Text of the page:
April 28, 2022
How Behavioral Economics is Helping Banks Drive Better Money Management Experiences
In part 1 of our blog series on behavioral economics for banking, we outlined the key concepts of how behavioral economics is reinventing the banking experience. Now let’s see how the science-backed concepts of behavioral economics can help your financial institution support your customers with better money moves.
How do people really make decisions about money? Do they research options, weigh the data and facts, and make a rational choice based on the best information available? Unfortunately, behavioral economics research shows that they do not. Often, people are not “rational actors” who make evidence-based decisions. Instead, people tend to be vulnerable to cognitive biases – little mental shortcuts, mistakes, and misunderstandings that prevent us from making the best choices about our money.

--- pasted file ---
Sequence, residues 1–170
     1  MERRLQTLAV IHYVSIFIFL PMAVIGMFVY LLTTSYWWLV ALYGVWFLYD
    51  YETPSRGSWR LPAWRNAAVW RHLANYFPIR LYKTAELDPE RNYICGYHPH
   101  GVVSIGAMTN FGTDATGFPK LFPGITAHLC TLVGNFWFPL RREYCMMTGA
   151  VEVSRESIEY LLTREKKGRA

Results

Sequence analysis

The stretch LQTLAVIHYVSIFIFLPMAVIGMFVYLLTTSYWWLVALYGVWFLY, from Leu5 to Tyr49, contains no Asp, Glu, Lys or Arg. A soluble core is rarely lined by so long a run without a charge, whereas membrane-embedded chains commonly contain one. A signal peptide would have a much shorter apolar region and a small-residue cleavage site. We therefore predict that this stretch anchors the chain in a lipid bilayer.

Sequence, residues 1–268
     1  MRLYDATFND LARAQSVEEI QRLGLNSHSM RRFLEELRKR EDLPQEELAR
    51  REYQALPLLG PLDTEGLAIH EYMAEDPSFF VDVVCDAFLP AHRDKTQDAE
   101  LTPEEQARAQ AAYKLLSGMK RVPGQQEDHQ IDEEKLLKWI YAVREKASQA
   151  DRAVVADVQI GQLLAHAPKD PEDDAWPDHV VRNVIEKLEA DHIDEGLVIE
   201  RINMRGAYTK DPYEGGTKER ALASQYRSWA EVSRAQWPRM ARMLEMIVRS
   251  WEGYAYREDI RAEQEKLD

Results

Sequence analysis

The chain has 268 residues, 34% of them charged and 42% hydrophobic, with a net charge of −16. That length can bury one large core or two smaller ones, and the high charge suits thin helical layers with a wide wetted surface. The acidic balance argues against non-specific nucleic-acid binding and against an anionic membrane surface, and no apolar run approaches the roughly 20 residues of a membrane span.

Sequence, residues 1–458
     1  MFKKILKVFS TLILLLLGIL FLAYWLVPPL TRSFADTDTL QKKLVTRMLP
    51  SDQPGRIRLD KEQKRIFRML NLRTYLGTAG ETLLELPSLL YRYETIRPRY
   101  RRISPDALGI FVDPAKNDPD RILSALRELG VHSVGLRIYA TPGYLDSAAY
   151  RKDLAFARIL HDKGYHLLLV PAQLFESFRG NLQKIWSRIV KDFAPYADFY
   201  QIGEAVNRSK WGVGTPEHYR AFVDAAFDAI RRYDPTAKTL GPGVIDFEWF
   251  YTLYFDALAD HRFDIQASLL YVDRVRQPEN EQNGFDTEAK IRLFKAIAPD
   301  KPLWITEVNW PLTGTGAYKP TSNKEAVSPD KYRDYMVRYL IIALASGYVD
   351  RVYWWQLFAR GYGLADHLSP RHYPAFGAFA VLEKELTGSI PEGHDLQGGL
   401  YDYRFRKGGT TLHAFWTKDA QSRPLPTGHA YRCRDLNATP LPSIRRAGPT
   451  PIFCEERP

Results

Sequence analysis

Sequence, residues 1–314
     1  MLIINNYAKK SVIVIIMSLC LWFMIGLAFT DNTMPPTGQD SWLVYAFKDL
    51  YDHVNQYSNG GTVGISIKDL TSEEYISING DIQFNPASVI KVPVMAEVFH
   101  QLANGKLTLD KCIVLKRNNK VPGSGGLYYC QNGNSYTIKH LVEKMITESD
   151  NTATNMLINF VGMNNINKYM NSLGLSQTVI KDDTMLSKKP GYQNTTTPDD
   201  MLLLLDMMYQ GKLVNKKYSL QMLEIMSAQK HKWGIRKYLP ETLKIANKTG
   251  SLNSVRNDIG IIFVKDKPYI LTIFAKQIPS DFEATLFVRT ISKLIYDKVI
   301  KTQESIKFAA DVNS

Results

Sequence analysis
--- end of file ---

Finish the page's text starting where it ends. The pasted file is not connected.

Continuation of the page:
Let’s take a closer look at the most common cognitive biases that are derailing your customers’ financial decisions. By combining behavioral economics for banking with financial automation technology, financial institutions can help customers overcome these psychological barriers and build better financial wellness.
Overcoming “Present Bias” to Save for the Future
People often struggle to imagine themselves in the future, so the future doesn’t feel real. This is called “Present Bias,” and it can make it hard for people to save money. Why save for some invisible future, when there is the possibility of buying a new car, a video game console, and a delicious restaurant dinner right in front of your eyes today?
Financial institutions need to help customers overcome “Present Bias” by visualizing the future and by making it automatic to save for the future. By making saving automatic, customers can save more money than they might have realized was possible – without having to take any action, make any decisions, or feel like they are sacrificing from their present-day spending.